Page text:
A Beginners' Guide On How To Speak Tipperary

A Beginners' Guide On How To Speak Tipperary

There are words, phrases and entire sentences that are unique to each county in Ireland. They differentiate you from your college pals and guarantee that you will get the weirdest looks from any tourist who hears you muttering them but we love them all the same and think everyone should love them just as much so here's your beginners' guide on how to speak Tipperary.

Ah, the lovely Tipperary. Home to The Rock of Cashel, Semple Stadium, Hayes' Hotel, The Galtee Mountains, Una from The Saturdays and Johnny B & The Boogie Men it really is the number one county in Ireland. After all, it's not nicknamed the Premier County for nothing (I swear I'm not biased).

If you're worried that you won't fit in the next time you visit Jim O' The Mill pub in Upperchurch because you can't speak Tipp culchie, fret not, The Sliced Pan has got you covered. Take note.

Well (boi)

Another word for "Hello"

Example: "Well boi, any news?"

How's she cuttin'?

Used as a greeting. Another way of asking "how are you?"

Example: "How's she cutting Mary"

Devil a bit

Not doing anything

Example: "Were you up to much last night Paddy?" "No, devil a bit John"

Ahh lads!

Used to point out to friends or people around you that you acknowledge something

Example: "Ah lads! Did you see the state of your one in the dress outside Costcutters?"

For the Shneer

for fun/for a laugh/for the craic

Example: "Will we go to the party in Ryan's for the sneer?"

Pure fried

Used to show frustration over something or about someone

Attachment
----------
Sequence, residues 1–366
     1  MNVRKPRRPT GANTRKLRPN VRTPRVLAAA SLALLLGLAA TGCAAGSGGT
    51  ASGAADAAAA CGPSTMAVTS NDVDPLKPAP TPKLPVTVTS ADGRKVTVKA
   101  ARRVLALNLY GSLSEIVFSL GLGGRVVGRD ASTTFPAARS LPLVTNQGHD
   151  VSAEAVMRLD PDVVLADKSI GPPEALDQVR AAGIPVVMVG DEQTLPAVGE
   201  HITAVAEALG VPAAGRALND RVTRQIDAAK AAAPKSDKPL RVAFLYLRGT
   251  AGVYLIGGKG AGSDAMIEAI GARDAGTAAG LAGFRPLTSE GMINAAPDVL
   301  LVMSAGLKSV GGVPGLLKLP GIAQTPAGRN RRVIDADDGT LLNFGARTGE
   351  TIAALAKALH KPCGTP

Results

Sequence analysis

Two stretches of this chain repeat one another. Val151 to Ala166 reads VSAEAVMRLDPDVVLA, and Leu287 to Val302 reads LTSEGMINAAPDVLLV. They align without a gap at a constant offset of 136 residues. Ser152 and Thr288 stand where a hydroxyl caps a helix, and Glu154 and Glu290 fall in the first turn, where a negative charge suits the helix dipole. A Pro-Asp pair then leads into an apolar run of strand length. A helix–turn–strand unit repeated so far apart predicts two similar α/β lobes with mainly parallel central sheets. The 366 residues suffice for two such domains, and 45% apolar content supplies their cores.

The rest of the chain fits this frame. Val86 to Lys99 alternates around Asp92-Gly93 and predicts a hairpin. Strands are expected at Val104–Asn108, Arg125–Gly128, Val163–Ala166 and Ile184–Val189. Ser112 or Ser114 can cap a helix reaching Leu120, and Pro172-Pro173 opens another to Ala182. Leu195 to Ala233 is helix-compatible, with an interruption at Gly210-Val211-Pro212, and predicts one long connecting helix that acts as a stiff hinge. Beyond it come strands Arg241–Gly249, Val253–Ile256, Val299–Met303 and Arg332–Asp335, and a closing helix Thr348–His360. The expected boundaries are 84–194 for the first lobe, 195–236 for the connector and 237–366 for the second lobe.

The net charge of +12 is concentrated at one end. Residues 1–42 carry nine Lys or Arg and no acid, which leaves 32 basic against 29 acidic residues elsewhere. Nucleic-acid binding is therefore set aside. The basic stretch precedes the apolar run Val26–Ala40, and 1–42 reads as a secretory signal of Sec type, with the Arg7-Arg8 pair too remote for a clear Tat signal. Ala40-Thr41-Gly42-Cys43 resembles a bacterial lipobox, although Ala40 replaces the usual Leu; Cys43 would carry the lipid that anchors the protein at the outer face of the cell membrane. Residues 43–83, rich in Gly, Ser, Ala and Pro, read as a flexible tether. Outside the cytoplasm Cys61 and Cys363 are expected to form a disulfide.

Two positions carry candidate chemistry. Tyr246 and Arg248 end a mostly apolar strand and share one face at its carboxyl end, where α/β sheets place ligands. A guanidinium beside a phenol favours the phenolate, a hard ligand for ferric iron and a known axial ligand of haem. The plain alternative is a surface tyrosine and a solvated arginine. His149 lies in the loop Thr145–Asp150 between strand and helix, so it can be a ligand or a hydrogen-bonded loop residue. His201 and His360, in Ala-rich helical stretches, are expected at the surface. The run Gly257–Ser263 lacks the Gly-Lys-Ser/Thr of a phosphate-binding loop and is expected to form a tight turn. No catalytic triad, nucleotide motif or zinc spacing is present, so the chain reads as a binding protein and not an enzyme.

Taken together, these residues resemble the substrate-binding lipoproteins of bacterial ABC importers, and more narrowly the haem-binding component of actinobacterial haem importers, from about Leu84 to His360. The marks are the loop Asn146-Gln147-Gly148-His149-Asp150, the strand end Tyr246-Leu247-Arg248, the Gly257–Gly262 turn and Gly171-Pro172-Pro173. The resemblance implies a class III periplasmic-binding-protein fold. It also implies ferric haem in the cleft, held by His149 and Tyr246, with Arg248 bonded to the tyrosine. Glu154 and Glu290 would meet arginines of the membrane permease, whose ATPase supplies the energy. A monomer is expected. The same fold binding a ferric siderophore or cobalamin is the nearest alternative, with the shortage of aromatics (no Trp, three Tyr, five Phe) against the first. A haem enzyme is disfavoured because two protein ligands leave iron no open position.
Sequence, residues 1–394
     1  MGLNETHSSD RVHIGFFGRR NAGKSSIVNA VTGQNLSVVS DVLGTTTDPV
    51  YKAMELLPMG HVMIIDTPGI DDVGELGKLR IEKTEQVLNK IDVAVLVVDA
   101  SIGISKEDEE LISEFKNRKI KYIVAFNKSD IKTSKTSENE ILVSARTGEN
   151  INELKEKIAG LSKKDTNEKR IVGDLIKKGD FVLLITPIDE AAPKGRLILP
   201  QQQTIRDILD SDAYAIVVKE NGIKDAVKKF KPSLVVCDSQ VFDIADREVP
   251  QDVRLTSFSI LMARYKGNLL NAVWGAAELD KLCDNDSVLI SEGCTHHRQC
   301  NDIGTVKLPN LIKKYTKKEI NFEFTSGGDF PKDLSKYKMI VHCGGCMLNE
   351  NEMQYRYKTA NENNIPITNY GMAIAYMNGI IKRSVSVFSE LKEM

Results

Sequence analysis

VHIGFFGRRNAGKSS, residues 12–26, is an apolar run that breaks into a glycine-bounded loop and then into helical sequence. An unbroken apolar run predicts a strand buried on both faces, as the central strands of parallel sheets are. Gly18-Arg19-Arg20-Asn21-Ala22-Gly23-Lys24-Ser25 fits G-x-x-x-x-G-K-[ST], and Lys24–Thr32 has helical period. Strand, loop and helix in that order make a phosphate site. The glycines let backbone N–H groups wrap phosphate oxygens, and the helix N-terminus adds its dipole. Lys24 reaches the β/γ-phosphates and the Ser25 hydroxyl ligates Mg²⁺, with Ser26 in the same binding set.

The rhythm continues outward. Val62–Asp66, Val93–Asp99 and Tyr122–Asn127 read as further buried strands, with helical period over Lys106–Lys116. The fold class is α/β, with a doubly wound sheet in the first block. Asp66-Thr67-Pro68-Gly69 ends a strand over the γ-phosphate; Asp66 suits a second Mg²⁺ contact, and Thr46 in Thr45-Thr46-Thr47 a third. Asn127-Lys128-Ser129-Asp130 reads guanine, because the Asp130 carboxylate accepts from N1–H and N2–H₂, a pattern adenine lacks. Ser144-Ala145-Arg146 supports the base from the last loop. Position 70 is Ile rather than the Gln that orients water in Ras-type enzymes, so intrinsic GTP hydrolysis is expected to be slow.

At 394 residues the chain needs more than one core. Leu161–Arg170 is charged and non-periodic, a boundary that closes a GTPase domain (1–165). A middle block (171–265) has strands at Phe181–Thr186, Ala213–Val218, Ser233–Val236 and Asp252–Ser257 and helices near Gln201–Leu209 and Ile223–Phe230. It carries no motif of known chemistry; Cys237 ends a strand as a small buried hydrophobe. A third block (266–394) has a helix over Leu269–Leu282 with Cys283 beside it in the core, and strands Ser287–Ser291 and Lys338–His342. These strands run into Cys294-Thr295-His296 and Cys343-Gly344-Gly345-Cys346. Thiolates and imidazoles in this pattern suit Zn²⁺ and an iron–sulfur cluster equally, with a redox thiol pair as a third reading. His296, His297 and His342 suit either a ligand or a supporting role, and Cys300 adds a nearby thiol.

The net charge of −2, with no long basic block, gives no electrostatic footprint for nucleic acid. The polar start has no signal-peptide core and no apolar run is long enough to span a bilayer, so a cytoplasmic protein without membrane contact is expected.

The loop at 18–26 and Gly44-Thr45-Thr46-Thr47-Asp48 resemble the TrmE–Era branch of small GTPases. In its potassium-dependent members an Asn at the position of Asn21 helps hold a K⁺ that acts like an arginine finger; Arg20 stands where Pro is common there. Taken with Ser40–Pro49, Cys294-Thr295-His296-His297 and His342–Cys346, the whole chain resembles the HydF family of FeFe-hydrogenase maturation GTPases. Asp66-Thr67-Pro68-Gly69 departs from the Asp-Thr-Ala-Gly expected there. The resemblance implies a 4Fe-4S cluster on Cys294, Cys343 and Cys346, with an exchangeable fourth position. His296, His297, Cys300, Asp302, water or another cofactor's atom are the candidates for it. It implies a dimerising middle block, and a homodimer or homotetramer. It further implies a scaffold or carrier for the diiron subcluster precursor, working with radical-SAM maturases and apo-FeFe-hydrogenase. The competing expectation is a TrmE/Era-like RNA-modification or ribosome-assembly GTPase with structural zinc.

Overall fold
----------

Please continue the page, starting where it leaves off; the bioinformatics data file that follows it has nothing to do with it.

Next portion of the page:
Example: "He wouldn't shut up! He has my head pure fried"

Pure right class (add 'fair' for extra emphasis)

Something that was unreal/really really good

Example: "That match was fair pure right class"

Cum onta fuck

A way to tell someone to hurry up

Example: "Will you come onta fuck or we'll be late"

Can I've the arse of that?

Asking someone for the end of their food, usually a bar of chocolate

Example: "Can I've the arse of that drifter?"

There's fear of him

Nothing wrong with someone/not as bad as it seems

Example: "Jimmy twisted his ankle but sure there's fear of him, he'll be grand"

A gawk

The act of being nosey

Example: "Here lads, we head into town for a bit of a gawk?"

Hayes bejaysus

Another name for Hayes Hotel (used with affection)

Example: "Will we go to Hayes bejaysus on Saturday?"


*I understand some of these are not exclusive to Tipperary due to the young population spreading their wings and heading to far off counties for college and sharing the Tipperary language, however I can confirm they are all used on a regular basis throughout the fair county.

Did we leave out any major ones? Tell  us any Tipperary phrases we might have forgotten in the comments.

Mallorie Ronan

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